In an ideal world, International Women’s Day (March 8th) would be marked with parades! A public holiday! Cakes with Gloria Steinem’s face on them! Gender equality and the deconstruction of the patriarchy!
While we aren’t quite there yet (although many of our libraries will be having a rather nice display to mark the occasion), it’s essential to remember how far we’ve come, and what better way to do that than by highlighting some of the fearsome female pioneers who have helped create the world we live in today?
Now, we can all agree that incredible figureheads and trailblazers like Malala Yousafzai, Jacinda Ardern, Whina Cooper, Michelle Obama, Audre Lorde, Chimamanda Ngozi Adichie (I could go on for days) have been integral role-models for gender equality, but what about some of the more obscure female scientists, writers, activists and politicians from the annals of history? Have you ever heard of Ching Shih, a woman who was the most successful pirate in history? How about Hatshepsut, the forgotten female pharaoh of ancient Egypt? Or Artemisia Gentileschi, one of the finest Baroque Italian painters, renowned for her depictions of women slaughtering their abusers? These women have forged life as we know it, and it’s high time we gave them a bit more credit.
Teen trailblazers : 30 fearless girls who changed the world before they were 20 / Calvert, Jennifer
“This fascinating book features 30 young women who accomplished remarkable things before their twentieth birthdays. Visually compelling with original illustrations, this book will inspire the next generation of strong, fearless women.. — Amazon.com.” (Catalogue)
Let’s start with Phillis Wheatley (c. 1753-1784) shall we? It’s definitely time we did, since Phillis Wheatley could well be considered one of the founding minds of America. Despite being enslaved at around 8 years old, Phillis Wheatley’s first collection of poetry, Poems on Various Subjects, Religious and Moral, was the first book written by a Black woman in America. Read that again, and ask yourself why Phillis Wheatley isn’t included in every single history or english class you have ever taken.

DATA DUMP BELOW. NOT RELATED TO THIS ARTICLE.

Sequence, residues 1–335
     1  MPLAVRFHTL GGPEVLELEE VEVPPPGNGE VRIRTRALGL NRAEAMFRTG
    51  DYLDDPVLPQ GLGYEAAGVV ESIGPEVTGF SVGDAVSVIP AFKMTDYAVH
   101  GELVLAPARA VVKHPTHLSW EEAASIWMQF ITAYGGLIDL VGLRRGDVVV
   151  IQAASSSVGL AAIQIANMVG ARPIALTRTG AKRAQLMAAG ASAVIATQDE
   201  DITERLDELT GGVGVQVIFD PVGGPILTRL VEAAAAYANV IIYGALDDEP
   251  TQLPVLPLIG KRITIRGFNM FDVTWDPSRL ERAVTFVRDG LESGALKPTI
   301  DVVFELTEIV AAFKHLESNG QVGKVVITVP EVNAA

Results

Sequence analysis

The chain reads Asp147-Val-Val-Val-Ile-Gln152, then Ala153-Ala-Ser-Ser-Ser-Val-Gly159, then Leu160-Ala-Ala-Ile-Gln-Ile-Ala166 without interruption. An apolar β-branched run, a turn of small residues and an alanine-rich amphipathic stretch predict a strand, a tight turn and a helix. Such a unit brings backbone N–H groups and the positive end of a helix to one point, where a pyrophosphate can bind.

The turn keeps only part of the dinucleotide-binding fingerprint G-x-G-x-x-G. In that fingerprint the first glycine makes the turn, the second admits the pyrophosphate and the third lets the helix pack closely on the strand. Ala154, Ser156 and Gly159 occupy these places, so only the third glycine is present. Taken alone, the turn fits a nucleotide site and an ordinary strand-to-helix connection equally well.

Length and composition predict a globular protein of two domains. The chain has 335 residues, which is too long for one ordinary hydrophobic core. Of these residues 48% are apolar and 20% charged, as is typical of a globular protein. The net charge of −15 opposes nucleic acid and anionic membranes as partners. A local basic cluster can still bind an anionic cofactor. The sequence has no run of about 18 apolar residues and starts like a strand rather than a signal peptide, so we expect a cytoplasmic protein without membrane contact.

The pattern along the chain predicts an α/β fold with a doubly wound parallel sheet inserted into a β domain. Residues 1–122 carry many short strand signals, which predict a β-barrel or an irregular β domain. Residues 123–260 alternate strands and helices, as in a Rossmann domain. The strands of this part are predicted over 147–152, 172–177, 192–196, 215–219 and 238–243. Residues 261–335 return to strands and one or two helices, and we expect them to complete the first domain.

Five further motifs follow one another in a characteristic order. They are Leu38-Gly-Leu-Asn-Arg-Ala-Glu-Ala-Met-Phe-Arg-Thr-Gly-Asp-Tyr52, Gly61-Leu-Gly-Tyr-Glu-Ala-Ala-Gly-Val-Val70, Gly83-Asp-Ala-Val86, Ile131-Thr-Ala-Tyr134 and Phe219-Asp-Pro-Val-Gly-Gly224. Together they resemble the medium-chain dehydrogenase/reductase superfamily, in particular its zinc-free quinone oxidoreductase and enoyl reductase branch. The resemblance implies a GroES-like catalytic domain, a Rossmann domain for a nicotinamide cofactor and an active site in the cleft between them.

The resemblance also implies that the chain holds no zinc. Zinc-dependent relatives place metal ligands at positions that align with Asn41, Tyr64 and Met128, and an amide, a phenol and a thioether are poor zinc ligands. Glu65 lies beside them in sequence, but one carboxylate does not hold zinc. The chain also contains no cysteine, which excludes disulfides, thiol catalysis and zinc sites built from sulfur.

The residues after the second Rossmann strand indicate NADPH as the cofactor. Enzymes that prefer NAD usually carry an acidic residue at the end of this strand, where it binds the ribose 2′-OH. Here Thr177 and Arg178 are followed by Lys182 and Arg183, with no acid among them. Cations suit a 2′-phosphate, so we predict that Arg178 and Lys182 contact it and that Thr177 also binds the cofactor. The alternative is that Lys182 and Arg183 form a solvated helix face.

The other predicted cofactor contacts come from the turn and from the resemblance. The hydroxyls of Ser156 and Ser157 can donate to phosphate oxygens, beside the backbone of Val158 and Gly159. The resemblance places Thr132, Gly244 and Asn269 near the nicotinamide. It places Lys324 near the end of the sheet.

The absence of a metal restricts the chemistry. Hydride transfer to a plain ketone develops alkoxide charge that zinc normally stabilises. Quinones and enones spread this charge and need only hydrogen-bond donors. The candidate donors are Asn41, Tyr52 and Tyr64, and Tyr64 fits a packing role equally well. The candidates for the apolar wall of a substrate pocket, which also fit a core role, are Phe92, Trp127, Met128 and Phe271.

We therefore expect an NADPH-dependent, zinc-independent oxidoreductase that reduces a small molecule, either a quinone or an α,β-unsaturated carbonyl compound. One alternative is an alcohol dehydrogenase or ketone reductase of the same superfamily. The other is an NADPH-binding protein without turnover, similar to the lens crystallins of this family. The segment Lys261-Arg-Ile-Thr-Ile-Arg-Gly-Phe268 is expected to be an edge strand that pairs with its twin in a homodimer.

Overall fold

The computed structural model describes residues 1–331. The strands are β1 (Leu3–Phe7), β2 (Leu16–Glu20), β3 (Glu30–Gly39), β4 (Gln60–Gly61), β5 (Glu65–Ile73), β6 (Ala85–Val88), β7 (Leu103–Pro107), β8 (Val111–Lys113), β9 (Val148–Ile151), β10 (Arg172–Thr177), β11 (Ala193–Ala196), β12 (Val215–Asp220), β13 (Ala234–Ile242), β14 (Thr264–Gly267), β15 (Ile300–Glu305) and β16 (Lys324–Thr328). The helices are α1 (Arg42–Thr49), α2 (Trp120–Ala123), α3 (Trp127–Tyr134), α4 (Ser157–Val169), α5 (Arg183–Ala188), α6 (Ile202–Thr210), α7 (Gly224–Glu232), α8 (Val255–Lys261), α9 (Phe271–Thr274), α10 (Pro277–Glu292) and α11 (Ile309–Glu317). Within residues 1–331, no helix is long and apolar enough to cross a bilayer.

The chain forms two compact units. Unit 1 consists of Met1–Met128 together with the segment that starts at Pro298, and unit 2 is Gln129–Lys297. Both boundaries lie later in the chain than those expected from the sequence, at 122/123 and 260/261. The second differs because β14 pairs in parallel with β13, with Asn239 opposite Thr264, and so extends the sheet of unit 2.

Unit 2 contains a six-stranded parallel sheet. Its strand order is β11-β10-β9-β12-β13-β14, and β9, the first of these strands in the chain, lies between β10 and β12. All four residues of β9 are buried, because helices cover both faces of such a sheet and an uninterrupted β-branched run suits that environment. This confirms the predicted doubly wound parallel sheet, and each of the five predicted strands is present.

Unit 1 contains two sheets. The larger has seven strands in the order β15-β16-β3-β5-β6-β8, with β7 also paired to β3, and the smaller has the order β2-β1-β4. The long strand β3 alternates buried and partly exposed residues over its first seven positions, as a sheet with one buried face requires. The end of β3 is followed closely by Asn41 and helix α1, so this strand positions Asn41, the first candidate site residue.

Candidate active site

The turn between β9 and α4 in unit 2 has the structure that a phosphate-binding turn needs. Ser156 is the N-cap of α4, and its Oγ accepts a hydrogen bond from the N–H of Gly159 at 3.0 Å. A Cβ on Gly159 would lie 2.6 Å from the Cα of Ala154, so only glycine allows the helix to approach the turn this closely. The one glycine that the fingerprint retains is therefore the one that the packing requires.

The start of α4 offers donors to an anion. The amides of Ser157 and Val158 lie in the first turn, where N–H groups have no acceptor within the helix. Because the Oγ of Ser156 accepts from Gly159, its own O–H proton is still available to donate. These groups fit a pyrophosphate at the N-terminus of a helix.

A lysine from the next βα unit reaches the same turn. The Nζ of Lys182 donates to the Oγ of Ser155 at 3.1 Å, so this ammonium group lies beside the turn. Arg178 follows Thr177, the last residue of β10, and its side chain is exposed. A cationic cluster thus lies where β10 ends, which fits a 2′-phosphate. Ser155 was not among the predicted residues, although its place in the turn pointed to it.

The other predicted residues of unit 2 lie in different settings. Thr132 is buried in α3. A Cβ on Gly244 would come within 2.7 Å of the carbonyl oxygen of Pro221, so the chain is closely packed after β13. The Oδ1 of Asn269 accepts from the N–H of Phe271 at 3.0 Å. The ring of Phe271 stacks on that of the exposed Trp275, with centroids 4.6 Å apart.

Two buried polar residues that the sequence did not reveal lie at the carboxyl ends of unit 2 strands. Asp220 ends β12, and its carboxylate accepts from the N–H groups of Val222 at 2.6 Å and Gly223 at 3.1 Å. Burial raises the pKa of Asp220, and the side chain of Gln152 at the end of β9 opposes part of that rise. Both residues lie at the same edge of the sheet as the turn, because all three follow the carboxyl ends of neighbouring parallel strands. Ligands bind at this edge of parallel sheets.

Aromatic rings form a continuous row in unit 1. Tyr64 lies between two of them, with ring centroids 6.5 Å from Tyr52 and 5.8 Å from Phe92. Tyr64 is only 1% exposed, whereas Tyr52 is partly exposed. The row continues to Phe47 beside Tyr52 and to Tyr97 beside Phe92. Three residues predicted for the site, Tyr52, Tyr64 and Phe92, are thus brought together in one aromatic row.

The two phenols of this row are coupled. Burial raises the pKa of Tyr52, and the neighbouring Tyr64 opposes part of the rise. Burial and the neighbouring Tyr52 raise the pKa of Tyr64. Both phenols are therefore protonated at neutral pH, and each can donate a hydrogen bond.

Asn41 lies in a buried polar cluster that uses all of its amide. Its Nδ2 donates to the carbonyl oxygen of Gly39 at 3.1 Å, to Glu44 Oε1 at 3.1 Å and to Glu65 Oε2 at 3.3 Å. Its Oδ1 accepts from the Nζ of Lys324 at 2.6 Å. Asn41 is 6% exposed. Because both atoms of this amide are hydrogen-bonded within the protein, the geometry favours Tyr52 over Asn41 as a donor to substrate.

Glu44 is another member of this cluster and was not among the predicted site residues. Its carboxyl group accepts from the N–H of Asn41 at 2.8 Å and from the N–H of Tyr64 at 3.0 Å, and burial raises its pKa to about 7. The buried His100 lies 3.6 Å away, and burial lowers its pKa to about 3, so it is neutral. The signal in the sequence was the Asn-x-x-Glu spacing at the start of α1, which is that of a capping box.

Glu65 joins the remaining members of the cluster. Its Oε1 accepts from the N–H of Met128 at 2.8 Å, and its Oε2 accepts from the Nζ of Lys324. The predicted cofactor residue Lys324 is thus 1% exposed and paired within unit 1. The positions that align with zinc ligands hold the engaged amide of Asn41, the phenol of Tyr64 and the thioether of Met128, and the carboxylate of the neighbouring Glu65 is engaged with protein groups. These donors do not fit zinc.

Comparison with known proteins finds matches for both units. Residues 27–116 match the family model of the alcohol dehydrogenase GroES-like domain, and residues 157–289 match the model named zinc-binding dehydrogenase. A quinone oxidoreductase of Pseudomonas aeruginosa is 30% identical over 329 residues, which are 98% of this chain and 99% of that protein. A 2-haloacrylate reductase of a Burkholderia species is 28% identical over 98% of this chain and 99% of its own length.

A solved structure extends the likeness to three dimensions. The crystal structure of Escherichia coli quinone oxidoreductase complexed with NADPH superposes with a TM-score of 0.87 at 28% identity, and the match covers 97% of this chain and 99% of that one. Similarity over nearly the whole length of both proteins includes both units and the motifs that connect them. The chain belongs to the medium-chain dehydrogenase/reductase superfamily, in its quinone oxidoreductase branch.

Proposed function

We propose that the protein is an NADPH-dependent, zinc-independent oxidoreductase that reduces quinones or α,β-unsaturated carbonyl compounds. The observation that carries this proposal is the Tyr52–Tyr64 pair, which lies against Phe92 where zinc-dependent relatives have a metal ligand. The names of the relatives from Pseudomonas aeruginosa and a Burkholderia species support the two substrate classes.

Hypatia of Alexandria
In the film biopic based on Hypatia of Alexandria (c. 355-415 CE), the titular character is played by Rachel Weisz and if you’ve never been obsessed with Rachel Weisz then you have never lived. This film made me cry on and off for three hours, prompted a change in my entire worldview, and made me break up with my ✨terrible✨ ex. Not only was Hypatia one of the greatest mathematicians, astronomers, and philosophers in Ancient Greece, but she was widely regarded as a genius, and once shut down an overzealous suitor by waving a bloody tampon (or historically accurate equivalent) in his face while spitting intellectual fire. No notes.
Ching Shih (born Shih Yang)
Ching Shih (1775-1844) was a sex-worker turned piracy powerhouse. She started off strong by agreeing to marry a notorious pirate commander (Zheng Yi) on the condition that she receive 50% of his earnings and partial control of his pirate armada (the Red Flag fleet). And boy oh boy did she turn that fleet around. Not only did she implement laws such as instant execution for assaulting a female captive, but she led the Red Flag fleet to victory over the entire Qing Dynasty navy, frequently plundered British and French coloniser ships, and created an entire empire of piracy. Move OVER Jack Sparrow (speaking of – Ching Shih served as the inspiration for Mistress Ching, one of the nine pirate lords in the third Pirates of the Caribbean movie). For more highly interesting information on the bona fide queen of pirates, check out the WCL collection and this cinematic masterpiece from Puppet History…
Keen to know more? There are literally millions of extraordinary women who have shaped the world we live in today, and whose names and stories should be living in our heads rent-free.
To get started, why not check out the National Women’s History Museum, read about the history of suffragettes attacking famous paintings with meat cleavers, learn about some of the most infamous female serial killers (because we support women’s rights and women’s wrongs), or just have a good browse through a few choice picks from our collection:
Squad / Tokuda-Hall, Maggie
“Becca moves to an upscale Silicon Valley suburb and is surprised when she develops a bond with girls who belong to the popular clique – and even more surprised when she learns their secrets”– Provided by publisher.” (Catalogue)
Grown : a novel / Jackson, Tiffany D